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© 2012, Committee Encouraging Corporate Philanthropy Employee Engagement Today: Defining and Declaring the Value Proposition PANELISTS Bradley K. Googins,

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Presentation on theme: "© 2012, Committee Encouraging Corporate Philanthropy Employee Engagement Today: Defining and Declaring the Value Proposition PANELISTS Bradley K. Googins,"— Presentation transcript:

1 © 2012, Committee Encouraging Corporate Philanthropy Employee Engagement Today: Defining and Declaring the Value Proposition PANELISTS Bradley K. Googins, Ph.D. Associate Professor Organizational Studies. Former Executive Director Center for Corporate Citizenship Carroll School of Management at Boston College Margaret Coady and MODERATOR Director, Committee Encouraging Corporate Philanthropy Kathleen Mayglothling Program Manager, Employee Programs, GE Foundation

2 SOURCE: United Nations Environment Programme (UNEP), Sustainable Energy Finance Initiative, International Telecommunication Union (ITU), US Chamber of Commerce, organization website Ten years ago, who would have guessed? Cellular-telephone adoption increase from 738 million in 2000 to over 6 billion today Greenpeace partners with multiple multi-national corporations Investments in renewable energy technologies overtake investments in fossil fuel technologies Warren Buffet and Bill Gates lead the world in philanthropy

3 Unscientific look at changes in corporate giving: Local, reactive, heartstrings-driven  Give if asked; “good neighbor” giving  Give to causes important to senior leaders  Intentionally NOT strategic or connected to the business for fear of a backlash Visible, proactive  See other companies begin to get credit  Grants are proactive and “make sense”  Better measurement of inputs Strategic, aligned, beyond cash  Accept very few unsolicited grantee proposals  Giving as a “portfolio” of expectations to manage  Co-design initiatives with nonprofit partners  Greater attention to employee engagement

4 © 2012, Committee Encouraging Corporate Philanthropy Session Objectives  Trends in employee engagement  How corporations are defining the value proposition for employee engagement internally and externally  Pertinent data to help build and define value of employee engagement  How corporations and their employees identify success in employee engagement In a fast-changing environment, let’s examine:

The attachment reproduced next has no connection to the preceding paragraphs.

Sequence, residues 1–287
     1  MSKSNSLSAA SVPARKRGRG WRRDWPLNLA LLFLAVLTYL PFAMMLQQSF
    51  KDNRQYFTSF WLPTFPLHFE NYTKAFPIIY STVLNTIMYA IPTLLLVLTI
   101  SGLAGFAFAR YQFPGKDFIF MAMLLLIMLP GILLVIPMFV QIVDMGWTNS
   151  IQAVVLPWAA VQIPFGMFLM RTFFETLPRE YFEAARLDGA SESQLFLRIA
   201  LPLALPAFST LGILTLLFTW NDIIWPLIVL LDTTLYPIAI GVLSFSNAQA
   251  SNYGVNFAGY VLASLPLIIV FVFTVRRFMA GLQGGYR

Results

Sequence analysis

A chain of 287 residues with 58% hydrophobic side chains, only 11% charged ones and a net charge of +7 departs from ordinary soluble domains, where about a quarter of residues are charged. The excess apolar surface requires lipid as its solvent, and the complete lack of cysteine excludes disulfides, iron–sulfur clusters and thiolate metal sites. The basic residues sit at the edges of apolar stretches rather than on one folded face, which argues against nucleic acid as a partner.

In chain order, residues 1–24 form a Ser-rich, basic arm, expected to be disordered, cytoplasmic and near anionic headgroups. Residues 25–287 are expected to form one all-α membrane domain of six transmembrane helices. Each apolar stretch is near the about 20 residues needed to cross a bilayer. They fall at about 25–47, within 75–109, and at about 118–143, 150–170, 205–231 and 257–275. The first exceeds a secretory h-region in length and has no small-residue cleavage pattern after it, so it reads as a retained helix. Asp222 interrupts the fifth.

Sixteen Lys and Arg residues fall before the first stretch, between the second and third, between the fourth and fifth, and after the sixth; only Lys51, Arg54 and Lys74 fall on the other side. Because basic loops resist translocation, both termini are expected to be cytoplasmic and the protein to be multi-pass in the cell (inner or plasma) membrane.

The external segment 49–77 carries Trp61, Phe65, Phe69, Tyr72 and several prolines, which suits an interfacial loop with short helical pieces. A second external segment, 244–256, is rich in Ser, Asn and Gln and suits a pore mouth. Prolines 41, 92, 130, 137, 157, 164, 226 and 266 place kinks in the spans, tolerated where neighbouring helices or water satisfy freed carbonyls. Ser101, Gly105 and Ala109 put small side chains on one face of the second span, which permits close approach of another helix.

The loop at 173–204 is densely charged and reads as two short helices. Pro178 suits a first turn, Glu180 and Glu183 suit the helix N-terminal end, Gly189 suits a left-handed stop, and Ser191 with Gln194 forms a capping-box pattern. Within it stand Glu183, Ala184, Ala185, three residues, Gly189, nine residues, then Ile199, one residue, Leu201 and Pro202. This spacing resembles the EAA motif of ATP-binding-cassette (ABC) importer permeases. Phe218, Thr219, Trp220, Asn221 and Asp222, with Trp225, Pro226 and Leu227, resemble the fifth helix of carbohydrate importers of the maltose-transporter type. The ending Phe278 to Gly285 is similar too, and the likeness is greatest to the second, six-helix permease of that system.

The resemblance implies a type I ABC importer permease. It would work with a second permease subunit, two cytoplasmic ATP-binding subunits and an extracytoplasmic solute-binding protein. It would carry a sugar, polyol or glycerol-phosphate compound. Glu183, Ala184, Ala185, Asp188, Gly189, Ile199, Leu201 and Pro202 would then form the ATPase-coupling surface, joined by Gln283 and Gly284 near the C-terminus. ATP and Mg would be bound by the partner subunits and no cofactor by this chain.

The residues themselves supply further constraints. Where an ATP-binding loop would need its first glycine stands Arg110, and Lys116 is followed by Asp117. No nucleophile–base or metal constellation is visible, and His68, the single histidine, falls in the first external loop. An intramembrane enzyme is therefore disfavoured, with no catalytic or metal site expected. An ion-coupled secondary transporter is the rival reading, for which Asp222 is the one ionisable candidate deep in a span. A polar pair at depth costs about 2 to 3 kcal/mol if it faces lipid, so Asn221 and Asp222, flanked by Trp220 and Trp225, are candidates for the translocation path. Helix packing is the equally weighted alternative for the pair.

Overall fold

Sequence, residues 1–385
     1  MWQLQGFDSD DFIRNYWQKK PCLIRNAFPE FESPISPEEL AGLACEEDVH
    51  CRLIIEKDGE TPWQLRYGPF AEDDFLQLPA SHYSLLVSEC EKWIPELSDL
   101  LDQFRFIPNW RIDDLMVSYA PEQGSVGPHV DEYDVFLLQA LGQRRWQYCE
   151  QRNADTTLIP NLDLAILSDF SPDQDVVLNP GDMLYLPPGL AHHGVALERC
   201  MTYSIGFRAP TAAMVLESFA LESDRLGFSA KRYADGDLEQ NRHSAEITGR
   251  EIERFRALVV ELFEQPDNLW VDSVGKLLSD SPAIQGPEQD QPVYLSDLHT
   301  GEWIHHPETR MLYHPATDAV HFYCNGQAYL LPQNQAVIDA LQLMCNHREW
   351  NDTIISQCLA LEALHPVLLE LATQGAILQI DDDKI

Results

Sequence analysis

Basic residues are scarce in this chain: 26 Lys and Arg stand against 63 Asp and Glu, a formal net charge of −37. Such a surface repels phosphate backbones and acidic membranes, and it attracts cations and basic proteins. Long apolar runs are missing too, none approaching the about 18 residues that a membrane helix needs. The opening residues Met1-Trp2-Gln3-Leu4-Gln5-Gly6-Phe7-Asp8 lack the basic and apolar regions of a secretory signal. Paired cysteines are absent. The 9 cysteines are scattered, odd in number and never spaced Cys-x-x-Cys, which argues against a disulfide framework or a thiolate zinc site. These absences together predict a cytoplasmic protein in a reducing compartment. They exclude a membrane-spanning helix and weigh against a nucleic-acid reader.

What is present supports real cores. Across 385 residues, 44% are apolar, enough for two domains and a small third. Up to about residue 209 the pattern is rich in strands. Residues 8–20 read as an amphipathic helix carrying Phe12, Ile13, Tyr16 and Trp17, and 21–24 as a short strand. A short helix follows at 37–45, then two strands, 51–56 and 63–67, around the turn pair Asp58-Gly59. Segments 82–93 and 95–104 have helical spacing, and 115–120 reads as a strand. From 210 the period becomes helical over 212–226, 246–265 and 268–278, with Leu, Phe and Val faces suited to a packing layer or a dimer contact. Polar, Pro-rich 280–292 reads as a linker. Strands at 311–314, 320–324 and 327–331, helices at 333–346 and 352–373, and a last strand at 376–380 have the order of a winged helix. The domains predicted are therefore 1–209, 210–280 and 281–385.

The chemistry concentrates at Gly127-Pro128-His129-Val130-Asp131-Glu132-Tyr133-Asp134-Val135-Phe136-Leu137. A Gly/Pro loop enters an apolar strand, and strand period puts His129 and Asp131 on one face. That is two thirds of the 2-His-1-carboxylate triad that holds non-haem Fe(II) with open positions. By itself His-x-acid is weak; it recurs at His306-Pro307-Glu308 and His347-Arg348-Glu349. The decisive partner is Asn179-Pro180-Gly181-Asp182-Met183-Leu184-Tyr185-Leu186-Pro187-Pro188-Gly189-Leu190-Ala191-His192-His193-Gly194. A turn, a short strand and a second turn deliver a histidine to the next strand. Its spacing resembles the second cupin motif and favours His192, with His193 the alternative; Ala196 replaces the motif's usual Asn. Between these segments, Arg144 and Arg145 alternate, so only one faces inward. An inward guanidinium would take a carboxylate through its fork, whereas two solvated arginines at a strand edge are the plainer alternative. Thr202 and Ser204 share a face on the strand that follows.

5 © 2012, Committee Encouraging Corporate Philanthropy Employee Engagement Today: Defining and Declaring the Value Proposition PANELISTS Bradley K. Googins, Ph.D. Associate Professor Organizational Studies. Former Executive Director Center for Corporate Citizenship Carroll School of Management at Boston College Margaret Coady and MODERATOR Director, Committee Encouraging Corporate Philanthropy Kathleen Mayglothling Program Manager, Employee Programs, GE Foundation

6 Employee Engagement Charities at Work Summit Bradley Googins PhD Professor Management and Organization Former Executive Director Center for Corporate Citizenship Boston College April 2011

7 Engaging Employees Typical Companies Top Companies

8 Levels of Engagement: LOW and getting LOWER…. Source: Gallup Employee Engagement Index

9 What is the meaning of CSR? Source: Fleishman Hillard/National Consumers League study, “Rethinking Corporate Social Responsibility”

10 Corporate Citizenship US Consumers’ Perspective – What matters most 1.Values and treats employees well and fairly 2.Executives and business practices are ethical, honest, open and transparent 3.Authenticity 4.Goes beyond what is required to provide safe, healthy and reliable products and services 5.Listens to consumer, customer and community input when making business decisions 6.Active and involved in the communities where it does business Committed to corporate social responsibility, sustainability, economic opportunity, environmental stewardship, etc. 7.Donates or invests its fair share of profits, goods or services to benefit others Source: Golin Harris Corporate Citizenship Gets Down to Business 2006